Fig. 2. Homozygous mutant ptc clones induce ectopic morphogenetic furrows. Third instar eye discs are shown in which unmarked ptc clones have been induced (see Figs 3-6 for marked clones). Ommatidial clusters are revealed by staining for the Elav nuclear antigen (brown), whilst dpp expression (normally in the furrow) is revealed by blue staining. (A) Disc showing ectopic dpp expression well anterior of the advancing furrow, and thus outside the ‘zone of competence’ in which ectopic morphogenetic furrow progression can occur (see text). (B) Disc showing ectopic dpp expression and differentiation of ommatidial clusters in the zone of competence anterior to the advancing endogenous furrow. In an example such as this, ectopic dpp expression would initially have been in a ring moving outwards from the clusters of ectopic photoreceptors, before merging with the advancing furrow. The behaviour of ptc clones thus observed is identical to the phenotypes of Hh misexpression and pka-C1 loss-of-function clones (Heberlein et al., 1995; Pan and Rubin, 1995; Strutt et al., 1995).

Furrow progression and ommatidial polarity 4251

Fig. 3. The direction of furrow progression determines initial ommatidial polarity. (A) Disc containing an ectopic furrow produced by induction of a ptc clone. Photoreceptors in the ommatidial clusters are stained brown, dpp expression in the furrow is blue. At the top of the panel, the endogenous furrow can be seen, progressing posterior to anterior. This is merged with a curved ectopic furrow. Emerging photoreceptor clusters have an axis of symmetry which is coincident with the direction of furrow progression. (B) Confocal image of a disc containing a ptc clone just merging with the endogenous furrow. The clone is marked by lack of cytoplasmic arm-lacZ staining (red). svplacZ nuclear staining (red) is superimposed with Elav nuclear staining (green). Ommatidial clusters which have arisen de novo inside the clone have random orientation. (C) Section of an adult eye containing a ptc clone (left) and schematic drawing (right). Clone is marked by increased levels of pigment (left) or grey shading (right). Arrows in schematic drawing are as in Fig. 1, circles indicate incomplete ommatidia which could not be scored. Within the clone, randomly oriented ommatidia of both chiral forms are observed. At the edges of the clone and outside, greater order is observed, but both chiral forms are nevertheless present.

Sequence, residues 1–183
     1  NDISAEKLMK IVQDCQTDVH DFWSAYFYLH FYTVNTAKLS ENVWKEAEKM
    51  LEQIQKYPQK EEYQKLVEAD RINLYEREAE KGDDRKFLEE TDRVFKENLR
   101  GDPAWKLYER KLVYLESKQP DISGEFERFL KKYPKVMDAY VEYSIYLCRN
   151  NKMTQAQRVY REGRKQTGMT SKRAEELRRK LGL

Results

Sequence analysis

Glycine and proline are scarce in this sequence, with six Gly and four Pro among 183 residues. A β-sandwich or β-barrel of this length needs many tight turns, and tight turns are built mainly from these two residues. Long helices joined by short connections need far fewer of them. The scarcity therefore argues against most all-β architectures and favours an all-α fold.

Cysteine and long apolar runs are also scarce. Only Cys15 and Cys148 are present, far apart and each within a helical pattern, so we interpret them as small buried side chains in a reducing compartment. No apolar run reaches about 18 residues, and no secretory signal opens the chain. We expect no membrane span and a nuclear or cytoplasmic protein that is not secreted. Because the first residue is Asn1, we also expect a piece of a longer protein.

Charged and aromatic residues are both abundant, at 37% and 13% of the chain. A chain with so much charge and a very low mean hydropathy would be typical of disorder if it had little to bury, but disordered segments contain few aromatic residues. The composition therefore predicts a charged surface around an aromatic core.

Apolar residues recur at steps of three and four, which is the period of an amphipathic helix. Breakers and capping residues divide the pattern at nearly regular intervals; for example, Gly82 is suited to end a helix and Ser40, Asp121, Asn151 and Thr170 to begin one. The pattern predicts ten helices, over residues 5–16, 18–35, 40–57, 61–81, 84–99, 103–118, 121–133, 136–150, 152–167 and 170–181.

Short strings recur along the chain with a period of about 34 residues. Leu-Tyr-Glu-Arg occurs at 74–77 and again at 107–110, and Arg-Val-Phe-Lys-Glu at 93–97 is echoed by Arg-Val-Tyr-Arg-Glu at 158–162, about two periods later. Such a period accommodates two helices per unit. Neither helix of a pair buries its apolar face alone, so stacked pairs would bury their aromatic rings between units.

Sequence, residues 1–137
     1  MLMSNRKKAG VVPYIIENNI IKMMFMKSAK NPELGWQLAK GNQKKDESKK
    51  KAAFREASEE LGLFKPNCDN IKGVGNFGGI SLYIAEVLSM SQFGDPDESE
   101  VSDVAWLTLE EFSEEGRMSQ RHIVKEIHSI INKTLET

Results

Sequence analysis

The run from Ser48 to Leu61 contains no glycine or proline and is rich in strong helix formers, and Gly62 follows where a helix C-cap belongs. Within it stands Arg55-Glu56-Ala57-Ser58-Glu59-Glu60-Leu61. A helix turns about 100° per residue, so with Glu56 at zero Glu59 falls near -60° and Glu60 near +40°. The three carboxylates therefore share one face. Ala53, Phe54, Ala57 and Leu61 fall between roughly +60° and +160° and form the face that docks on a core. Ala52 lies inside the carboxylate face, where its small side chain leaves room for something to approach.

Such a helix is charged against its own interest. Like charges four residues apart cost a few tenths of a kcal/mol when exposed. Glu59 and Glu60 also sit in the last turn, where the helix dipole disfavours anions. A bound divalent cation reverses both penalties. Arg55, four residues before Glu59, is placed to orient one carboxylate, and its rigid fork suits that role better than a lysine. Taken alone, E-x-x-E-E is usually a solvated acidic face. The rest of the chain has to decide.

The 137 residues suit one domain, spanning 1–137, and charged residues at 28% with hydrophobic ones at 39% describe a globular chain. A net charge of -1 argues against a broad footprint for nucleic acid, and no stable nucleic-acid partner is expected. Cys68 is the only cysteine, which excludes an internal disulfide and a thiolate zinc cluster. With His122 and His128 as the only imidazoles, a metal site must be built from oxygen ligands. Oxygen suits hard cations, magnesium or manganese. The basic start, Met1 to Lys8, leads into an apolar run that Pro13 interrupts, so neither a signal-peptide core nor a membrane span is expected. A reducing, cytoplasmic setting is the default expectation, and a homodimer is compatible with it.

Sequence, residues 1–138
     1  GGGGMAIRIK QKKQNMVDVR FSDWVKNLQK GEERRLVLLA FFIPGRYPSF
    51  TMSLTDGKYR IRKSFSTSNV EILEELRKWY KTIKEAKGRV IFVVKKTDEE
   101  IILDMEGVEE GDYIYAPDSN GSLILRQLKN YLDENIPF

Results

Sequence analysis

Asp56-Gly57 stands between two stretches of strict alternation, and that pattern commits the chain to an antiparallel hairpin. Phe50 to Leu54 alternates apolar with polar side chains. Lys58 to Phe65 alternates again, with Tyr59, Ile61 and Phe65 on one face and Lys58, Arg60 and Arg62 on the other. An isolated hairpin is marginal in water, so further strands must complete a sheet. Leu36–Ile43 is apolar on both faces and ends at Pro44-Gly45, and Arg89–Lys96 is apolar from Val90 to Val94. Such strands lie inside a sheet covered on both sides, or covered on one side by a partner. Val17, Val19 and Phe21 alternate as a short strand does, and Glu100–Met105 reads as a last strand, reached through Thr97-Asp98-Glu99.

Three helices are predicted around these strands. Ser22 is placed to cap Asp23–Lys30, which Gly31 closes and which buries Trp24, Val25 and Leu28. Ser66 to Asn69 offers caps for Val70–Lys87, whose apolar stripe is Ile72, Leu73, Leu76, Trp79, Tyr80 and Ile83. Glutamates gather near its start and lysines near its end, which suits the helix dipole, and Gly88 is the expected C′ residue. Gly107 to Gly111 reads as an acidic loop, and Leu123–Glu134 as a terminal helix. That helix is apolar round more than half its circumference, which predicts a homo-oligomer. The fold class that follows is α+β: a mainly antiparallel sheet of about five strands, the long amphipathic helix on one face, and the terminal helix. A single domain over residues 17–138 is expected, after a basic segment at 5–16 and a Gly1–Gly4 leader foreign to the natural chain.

Fig. 4. Organisation of ommatidial pattern around a ptc clone in the disc. Upper panel shows a confocal image of a ptc clone marked by lack of cytoplasmic arm-lacZ staining (red). svp-lacZ nuclear staining in a subset of photoreceptors (red) is superimposed with Elav in all photoreceptors (green). The sensitivity of the nuclear svp-lacZ staining is somewhat reduced by being used in a triple label with cytoplasmic arm-lacZ and Elav: thus strong svp staining is only seen in clusters mature enough to have completed the first 45 degree turn (compare Fig. 1B). Lower panel is a schematic drawing, with clone shown by grey shading. Inset indicates position of clone in disc. Arrows are as in Fig. 1, with their colour indicating deduced direction of rotation. Circles mark clusters outside the clone which could not be scored. Within the posterior part of the clone, ommatidial orientation appears random, but many clusters are incomplete or have distorted shape, which makes precise scoring difficult. The clone is sufficiently elongated in the anteroposterior axis, that differentiation in the anterior part (i.e. furthest from the zone of competence) is occurring as a result of an anteriorly moving furrow, rather than de novo. A number of clusters on the dorsal edge are unrotated or only neglibly rotated (grey arrows in lower panel), compared to more mature neighbours. More dorsally, ventrally and anteriorly, fields of ommatidia are seen which have rotated in opposite directions. In some cases, field of oppositely rotated ommatidia are opposed, providing the first evidence of equator formation (yellow lines in upper, green in lower).

4252 D. I. Strutt and M. Mlodzik Table 2. Summary of ptc and pka-C1 clones analysed in sections of adult eyes ptc clones


No. No. showing analysed No. showing No. showing ‘hijacking’ of in detail* ectopic equator(s) multiple equators normal equator

Dorsal Central Ventral Total

13 12 7 32

8 10 3 21

Dorsal Central Ventral Total

13 25 9 47

5 18 4 27

4 7 − 11

n.a. 6 n.a. 6

1 9 1 11

n.a. 7 n.a. 7

pka-C1 clones

*Total number of clones sectioned was >100. Only the ones with good morphology and angle of section are listed. n.a. = not applicable.